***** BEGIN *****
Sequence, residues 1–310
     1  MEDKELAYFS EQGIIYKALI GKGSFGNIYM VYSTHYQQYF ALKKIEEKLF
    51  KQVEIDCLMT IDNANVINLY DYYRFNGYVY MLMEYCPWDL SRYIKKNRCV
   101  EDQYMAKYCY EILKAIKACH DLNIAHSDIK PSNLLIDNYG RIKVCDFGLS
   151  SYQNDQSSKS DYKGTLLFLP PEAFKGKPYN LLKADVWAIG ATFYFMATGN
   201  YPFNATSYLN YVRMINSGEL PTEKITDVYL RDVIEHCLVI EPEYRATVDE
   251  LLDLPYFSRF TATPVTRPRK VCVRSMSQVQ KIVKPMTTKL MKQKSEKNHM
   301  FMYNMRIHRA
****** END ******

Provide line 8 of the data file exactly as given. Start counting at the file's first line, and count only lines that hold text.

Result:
   301  FMYNMRIHRA